Stones

She carries the stones in her mouth. They match the ones in her shoes. Sharp pointed uncomfortable grit and pebble clashing and rolling and making her conscious of every bad thing she ever said or did.

This one (sharp pointed) is the glance she gave. These (grit and pebble clashing), the words she spoke. That one (uncomfortable), the silence that fell. And here (rolling) is the look that fell around the room, never landing where it ought, for fear the silence would shift.

She is bad, and the stones carry the evidence of her misdemeanours. Insolence. Self-determination. Lies. Impatience. They shift and rattle in her mouth. They shift and rattle in her shoes.

She tries sitting still. She tries not to move her tongue, her feet, but freedom itches in her veins, trace electricity seeking release, laughter bubbling, and not the beneficial kind. There is madness in her isolation. If she laughs the stones will spray, sharp pointed and uncomfortable, from her mouth, flaying her lips like tiny flints embedded in a whip.

The smart of a whip, another of her misdemeanours. But she can’t stay silent, and she can’t sit still. The stones in mouth and shoes impel her.

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Pink and Blue

The morning clouds are pink and blue like a bruise across the sky. Pure white vapour trails crisscross them like scars. Thin skin laid bare. Her eyes graze the sky as she casts her gaze to the horizon.

The wind rises from the shore, losing momentum as it climbs the headland. When it reaches her, it is a breeze smelling salty rich like bladderwrack. The sea is a gunmetal green expanse stretching out before her. The coldness of its aspect is a balm to her soul.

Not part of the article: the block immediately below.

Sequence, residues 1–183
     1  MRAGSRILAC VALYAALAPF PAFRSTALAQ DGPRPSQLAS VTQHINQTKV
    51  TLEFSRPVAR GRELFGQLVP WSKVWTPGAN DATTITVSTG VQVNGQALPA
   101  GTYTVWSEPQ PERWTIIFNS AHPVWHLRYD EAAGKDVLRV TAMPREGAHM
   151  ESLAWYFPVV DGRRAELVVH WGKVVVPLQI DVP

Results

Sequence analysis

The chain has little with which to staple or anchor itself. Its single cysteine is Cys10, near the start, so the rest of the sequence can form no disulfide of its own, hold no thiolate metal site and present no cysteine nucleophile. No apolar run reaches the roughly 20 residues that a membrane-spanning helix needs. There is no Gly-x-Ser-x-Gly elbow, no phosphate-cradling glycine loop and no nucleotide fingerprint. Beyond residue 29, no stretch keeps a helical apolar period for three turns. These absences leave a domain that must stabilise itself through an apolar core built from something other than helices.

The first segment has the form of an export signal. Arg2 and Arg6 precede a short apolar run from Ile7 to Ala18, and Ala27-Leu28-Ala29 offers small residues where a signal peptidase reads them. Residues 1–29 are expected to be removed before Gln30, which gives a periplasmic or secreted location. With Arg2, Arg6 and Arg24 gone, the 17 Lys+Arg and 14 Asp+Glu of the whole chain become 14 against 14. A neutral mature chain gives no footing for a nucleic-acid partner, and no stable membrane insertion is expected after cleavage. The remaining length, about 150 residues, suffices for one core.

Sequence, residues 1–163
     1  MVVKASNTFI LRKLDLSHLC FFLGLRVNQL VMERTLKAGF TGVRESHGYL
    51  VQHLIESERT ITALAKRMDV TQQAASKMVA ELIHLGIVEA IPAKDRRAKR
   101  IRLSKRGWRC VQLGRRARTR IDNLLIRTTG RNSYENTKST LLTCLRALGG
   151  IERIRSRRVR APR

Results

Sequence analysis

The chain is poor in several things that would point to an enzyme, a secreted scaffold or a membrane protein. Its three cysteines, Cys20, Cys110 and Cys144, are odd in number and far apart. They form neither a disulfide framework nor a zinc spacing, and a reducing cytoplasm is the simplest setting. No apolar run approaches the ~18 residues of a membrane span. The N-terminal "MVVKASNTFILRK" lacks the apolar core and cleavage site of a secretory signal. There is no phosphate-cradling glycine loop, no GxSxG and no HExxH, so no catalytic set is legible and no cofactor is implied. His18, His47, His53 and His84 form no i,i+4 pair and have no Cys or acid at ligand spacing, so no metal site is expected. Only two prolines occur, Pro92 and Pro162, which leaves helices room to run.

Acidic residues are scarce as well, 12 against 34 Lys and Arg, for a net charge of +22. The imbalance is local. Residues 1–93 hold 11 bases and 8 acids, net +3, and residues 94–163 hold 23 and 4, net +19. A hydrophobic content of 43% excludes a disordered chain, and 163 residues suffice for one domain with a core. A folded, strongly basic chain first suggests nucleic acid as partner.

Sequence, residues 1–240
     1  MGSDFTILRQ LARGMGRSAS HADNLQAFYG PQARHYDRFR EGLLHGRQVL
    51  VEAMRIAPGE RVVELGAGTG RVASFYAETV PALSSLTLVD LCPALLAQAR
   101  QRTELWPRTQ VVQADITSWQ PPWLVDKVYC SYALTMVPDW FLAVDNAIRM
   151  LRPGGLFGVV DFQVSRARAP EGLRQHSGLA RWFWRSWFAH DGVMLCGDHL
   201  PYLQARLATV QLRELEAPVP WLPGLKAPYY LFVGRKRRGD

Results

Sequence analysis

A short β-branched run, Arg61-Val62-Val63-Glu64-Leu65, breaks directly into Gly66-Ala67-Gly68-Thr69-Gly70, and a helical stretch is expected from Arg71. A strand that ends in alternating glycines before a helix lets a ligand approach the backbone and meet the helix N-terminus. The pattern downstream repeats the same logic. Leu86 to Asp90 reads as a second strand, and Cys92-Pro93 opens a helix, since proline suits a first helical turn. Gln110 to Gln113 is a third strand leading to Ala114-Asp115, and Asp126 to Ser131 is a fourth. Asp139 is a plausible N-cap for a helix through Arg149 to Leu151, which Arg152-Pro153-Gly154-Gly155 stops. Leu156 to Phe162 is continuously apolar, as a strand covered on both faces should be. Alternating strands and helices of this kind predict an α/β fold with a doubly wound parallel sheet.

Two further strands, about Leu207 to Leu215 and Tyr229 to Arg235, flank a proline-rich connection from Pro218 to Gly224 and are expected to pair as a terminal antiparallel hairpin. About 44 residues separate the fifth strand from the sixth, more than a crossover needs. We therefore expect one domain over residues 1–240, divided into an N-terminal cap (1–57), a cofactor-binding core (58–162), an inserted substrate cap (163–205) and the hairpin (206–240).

In the kitchen, on a shelf of MDF covered in chipped white melamine, stands a tea caddy. Its blue is deep, its pink is sugared, fans and cherry blossom on an evening sky. It isn’t muted like the colours in the clouds. It isn’t muted like her button mouth. It isn’t muted like the still and endless sea.

She stretches out her arms and the blanket she has wrapped around her body for warmth falls to the ground in a heap of red, blue and green tartan. She stretches out her arms, in love with the world and the canopy of sky surrounding it. In love with the world yet hating everything in it.

You don’t have to like it

She squints against the shaft of sunlight streaming through the broken slat in the blind.

“There’s sun in my eyes,” she says.

The hint of melanin, the strands of collagen bounce the light around her iris, pulling the light waves this way and that so that her eyes resemble the clear, turquoise depths of the Aegean Sea. He tries not to be affected by it. He maintains his dour aspect, his unshaven face grizzled by greying stubble.

“You don’t have to like it,” he tells her, liking her all the same.

She hums distractedly as she fiddles with the blind, pulling on the useless strings, trying to close the gap. She squints up at the blind in its high window. The strings twist around each other, but the slat stays broken.

She sits down again and sighs, shading her eyes with one hand, balancing her book in the other.

“Sit somewhere else,” he tells her, enjoying the curve of her arm and the angle of her wrist. She has fine wrists. He would touch the bone that rises from the curve, but he isn’t touching her today.

“I like the warmth,” she replies.

He smiles, but she doesn’t see him.

Niceties

She was never fond of the niceties. And now she finds that you have served your purpose. Her distraction has been distracted. New horizons to scan, new distances to stare into. She finds that she doesn’t want to gaze upon you any more. Your face, although still handsome, still appealing, has lost its charm.

She started by needing a stranger. She always needs a stranger. The being unknown to another person, the being a stranger herself, the lack of commitment. She feels like she can be anyone with a stranger, because they won’t know any different.